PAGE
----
Feature book: Driving in Neutral
Olivia Regen is an ex-racing car and test driver in her forties, with two unsuccessful marriages. She’s about to start a new job translating German for an animation company. Her latest ex-husband, whose marital indiscretion made phenomenal YouTube viewing, has left her spotlight shy and wary of men.
Emerson Maxwell, executive, forty-eight and majorly claustrophobic, is a geek with an athlete’s body. He remade himself after his divorce, through exercise and Italian suits, and tends to be a bit of a ‘playa’ with the ladies and yells abuse at all his employees.
It’s an interesting meeting for Olivia and Emerson. Due to a knee injury, Emerson needs to take the elevator to work rather than use the stairs, even though he’s claustrophobic. Olivia, who has just been literally drenched by a thunderstorm on her way to her new translating job, is in the lift with Emerson when the power goes out between floors. Emerson panics and Olivia tries unsuccessfully to talk him down. She resorts to kissing Emerson to jolt him out of his rising hysteria and a farcical situation arises with the restart of the elevator.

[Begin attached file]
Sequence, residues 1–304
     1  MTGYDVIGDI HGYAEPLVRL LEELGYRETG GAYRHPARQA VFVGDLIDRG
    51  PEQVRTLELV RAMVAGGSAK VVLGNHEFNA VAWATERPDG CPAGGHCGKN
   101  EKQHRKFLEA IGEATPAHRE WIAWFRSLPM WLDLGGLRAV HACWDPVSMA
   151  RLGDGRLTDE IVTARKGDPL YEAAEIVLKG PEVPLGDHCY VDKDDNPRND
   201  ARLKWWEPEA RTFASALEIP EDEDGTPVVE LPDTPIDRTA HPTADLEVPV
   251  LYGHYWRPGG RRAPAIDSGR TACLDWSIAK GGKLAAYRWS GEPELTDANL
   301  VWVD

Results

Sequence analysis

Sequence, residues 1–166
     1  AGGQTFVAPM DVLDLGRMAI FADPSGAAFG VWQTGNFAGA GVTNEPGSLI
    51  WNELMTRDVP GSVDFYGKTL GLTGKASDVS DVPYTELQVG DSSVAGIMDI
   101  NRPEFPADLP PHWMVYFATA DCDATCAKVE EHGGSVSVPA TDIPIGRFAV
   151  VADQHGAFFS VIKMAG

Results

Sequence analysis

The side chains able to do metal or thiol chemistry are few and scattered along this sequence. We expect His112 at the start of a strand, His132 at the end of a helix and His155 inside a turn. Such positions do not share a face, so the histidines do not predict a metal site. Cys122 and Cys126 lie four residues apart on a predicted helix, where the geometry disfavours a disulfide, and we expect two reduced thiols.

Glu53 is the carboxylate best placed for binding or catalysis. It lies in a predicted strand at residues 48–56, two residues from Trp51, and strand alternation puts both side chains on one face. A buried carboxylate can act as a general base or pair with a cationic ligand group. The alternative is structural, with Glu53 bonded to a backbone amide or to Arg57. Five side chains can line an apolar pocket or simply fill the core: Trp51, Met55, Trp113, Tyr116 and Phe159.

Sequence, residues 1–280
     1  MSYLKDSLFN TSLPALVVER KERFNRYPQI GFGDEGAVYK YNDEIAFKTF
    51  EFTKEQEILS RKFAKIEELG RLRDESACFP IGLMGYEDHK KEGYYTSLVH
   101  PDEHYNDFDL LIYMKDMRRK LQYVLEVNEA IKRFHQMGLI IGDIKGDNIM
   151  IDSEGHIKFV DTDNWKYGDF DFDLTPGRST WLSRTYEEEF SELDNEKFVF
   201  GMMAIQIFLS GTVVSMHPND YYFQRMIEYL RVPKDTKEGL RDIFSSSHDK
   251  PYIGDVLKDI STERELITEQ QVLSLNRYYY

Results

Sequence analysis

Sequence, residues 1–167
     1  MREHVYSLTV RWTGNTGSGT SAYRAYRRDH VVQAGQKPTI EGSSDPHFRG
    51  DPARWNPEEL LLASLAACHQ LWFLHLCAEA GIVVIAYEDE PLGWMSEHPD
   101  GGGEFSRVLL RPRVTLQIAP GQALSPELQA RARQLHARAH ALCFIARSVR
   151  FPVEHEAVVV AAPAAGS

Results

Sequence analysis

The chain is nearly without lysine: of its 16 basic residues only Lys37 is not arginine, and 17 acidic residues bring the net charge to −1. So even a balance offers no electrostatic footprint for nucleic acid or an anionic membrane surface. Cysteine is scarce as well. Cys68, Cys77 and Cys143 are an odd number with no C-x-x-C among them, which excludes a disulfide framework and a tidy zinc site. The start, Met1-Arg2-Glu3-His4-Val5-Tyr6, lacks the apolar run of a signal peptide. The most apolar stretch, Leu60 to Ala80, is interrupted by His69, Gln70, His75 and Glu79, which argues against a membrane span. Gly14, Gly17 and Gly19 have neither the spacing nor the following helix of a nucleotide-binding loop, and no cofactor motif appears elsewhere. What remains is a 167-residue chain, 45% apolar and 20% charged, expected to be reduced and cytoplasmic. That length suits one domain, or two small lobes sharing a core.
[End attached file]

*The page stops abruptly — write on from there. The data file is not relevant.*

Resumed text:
The relationship between Olivia and Emerson provides an emotional roller coaster; Emerson is unlikeable till about 70% of the way through the book. He says all the wrong things and he is obnoxious to his staff, but the characters in the story keep insisting he’s a great guy and that he wears a suit well and is very handsome (you can look good in a suit and still be an ass). On the other hand, Olivia is a really enjoyable character until she locks Emerson in a dark pantry. It’s completely understandable that she reaches her breaking point and goes bunny-boiler, but she is so deliberately cruel (to Emerson) that it seems somewhat out of character for her.
This was a good story, the adversarial relationship between Olivia and Emerson kept the book hopping along. Much is made of Olivia’s love of Emerson’s hairy chest, which, if you don’t like hirsute men, is off putting, but if you do, you’ll appreciate. Olivia, as a mid-forties heroine, was a pleasurable change and the Emerson contradiction as a geek transformed into hunky ‘playa’ at forty-eight was a nice touch. It’s an enjoyable read but beware of the abrupt ending (the gesture by Emerson is considerable but it left me flipping ebook pages thinking I’d missed something).
Reviewed by Gina
A review copy of this book was provided by the publisher.